School's in full swing, which means testing must be around the corner. Whether your tot's taking spelling tests, math tests, or statewide achievement tests, experienced parents have some tips to prepare you and your child for the big day.
- Know what tests your child is taking and why he's taking them.
There are pretests before starting a new unit in math, literacy, or science, and there are posttests after the units. There are pop quizzes and midterms, but, more importantly, there is a lot of standardized achievement testing in school. Check in with the school to see what testing is being done and what it's being used for, as the results can be used for checking progress toward statewide educational goals or assessing a teacher's effectiveness.
- Write test days on the family calendar.
Try using a different color marker for each child, and write in everything from spelling tests to those high-stakes tests. That way everybody knows what's coming and can be supportive and prepared.
- Teach your child test-taking strategies.
Taking tests doesn't come naturally, and knowing how to take them is as important as knowing the information. Here are a few tried-and-true tricks:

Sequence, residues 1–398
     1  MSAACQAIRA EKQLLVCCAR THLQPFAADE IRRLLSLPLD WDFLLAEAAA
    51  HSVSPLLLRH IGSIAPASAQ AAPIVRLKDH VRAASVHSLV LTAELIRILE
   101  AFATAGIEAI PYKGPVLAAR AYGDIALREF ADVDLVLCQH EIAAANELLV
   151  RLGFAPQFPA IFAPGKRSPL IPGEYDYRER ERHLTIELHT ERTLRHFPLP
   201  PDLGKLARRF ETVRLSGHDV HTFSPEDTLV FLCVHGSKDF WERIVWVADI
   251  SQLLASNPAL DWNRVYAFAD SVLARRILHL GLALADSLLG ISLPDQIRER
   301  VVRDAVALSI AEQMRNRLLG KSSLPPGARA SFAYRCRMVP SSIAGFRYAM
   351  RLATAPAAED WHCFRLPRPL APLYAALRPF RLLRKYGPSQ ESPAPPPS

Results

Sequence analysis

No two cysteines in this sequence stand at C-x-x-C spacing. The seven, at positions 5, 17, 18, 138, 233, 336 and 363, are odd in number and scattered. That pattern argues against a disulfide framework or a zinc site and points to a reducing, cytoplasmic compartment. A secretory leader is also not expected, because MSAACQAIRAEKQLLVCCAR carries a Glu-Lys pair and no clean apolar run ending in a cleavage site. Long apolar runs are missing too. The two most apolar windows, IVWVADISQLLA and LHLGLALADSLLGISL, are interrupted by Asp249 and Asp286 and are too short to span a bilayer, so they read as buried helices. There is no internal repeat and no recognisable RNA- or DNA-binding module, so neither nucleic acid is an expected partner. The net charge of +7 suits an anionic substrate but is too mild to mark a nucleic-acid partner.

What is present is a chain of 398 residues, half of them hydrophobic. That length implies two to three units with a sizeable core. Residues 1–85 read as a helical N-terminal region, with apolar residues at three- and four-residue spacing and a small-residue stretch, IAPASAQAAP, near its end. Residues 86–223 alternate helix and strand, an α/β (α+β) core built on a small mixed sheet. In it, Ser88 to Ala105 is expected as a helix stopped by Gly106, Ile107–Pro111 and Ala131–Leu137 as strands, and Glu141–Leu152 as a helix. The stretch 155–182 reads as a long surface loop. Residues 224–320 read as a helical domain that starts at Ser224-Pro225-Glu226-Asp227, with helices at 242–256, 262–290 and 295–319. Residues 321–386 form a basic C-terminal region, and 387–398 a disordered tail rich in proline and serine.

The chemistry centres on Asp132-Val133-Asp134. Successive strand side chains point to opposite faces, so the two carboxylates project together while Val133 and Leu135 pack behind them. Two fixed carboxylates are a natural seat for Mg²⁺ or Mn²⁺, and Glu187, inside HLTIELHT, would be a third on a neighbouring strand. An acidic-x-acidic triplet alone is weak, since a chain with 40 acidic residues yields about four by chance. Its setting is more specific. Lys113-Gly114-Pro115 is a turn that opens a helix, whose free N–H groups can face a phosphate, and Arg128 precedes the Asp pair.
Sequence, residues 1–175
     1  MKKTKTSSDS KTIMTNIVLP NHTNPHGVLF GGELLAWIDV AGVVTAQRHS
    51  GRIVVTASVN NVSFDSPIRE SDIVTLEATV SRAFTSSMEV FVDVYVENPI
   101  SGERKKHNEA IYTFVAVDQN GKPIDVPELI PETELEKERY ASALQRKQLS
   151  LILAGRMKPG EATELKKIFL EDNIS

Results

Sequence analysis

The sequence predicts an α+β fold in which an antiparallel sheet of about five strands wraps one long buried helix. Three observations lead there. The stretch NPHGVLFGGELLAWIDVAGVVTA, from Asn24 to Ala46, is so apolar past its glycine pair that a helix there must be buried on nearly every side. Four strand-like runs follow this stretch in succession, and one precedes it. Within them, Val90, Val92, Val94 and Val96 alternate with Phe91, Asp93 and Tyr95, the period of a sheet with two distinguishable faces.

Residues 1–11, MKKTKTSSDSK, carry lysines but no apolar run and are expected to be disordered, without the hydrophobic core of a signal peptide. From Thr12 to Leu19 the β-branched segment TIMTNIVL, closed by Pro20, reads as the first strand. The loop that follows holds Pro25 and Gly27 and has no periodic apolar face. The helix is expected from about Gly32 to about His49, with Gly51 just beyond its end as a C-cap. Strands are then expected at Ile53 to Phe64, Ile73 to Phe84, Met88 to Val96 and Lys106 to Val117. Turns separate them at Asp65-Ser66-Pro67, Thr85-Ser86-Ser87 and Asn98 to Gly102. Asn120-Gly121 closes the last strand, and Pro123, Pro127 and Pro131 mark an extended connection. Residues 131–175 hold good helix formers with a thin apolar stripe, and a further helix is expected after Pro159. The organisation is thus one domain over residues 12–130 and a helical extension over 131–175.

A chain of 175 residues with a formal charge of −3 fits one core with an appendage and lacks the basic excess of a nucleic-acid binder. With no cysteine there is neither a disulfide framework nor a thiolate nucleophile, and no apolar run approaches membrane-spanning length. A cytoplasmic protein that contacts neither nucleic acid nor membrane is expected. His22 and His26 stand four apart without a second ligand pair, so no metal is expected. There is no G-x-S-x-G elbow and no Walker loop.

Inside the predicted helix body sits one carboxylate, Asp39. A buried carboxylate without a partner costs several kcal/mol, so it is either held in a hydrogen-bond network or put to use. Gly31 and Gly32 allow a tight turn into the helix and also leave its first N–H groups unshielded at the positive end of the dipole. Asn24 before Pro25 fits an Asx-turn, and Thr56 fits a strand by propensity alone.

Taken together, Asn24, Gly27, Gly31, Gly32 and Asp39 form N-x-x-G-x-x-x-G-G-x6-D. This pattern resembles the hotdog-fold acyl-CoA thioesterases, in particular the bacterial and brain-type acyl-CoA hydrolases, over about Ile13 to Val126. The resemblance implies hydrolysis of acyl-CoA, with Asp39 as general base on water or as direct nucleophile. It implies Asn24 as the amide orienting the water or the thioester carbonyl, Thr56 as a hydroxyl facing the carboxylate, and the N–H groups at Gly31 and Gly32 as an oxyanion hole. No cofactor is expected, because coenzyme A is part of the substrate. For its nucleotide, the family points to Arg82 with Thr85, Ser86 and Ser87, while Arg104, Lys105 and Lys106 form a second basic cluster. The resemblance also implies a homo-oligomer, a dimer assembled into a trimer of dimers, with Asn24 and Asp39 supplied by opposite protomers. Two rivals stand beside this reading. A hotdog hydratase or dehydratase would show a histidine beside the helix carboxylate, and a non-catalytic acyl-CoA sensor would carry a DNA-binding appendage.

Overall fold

- Read the directions first. It sounds simple, but many kids rush to the question without reading the directions. It doesn't matter if he knows the material; when your child doesn't understand the format of the answer, it's easy to fail a test.
- Write an essay assuming the reader knows nothing. The best essays answer the question with complete sentences and supporting details. Tell your child to think of it as explaining the idea not to his teacher, but to someone who doesn't know the topic at all.
- Use the power of elimination. Multiple choice tests are a lot easier once you've gotten rid of the answers that don't fit at all. Teach your child to cross out the wrong answers and choose the right one from the ones that remain.
- Choose the best answer. Many tests are looking to see if your child can think critically, and that means sometimes there isn't a right answer; there's a "rightest" answer. Let him know that it's better to choose an answer that is almost correct than not to choose one at all.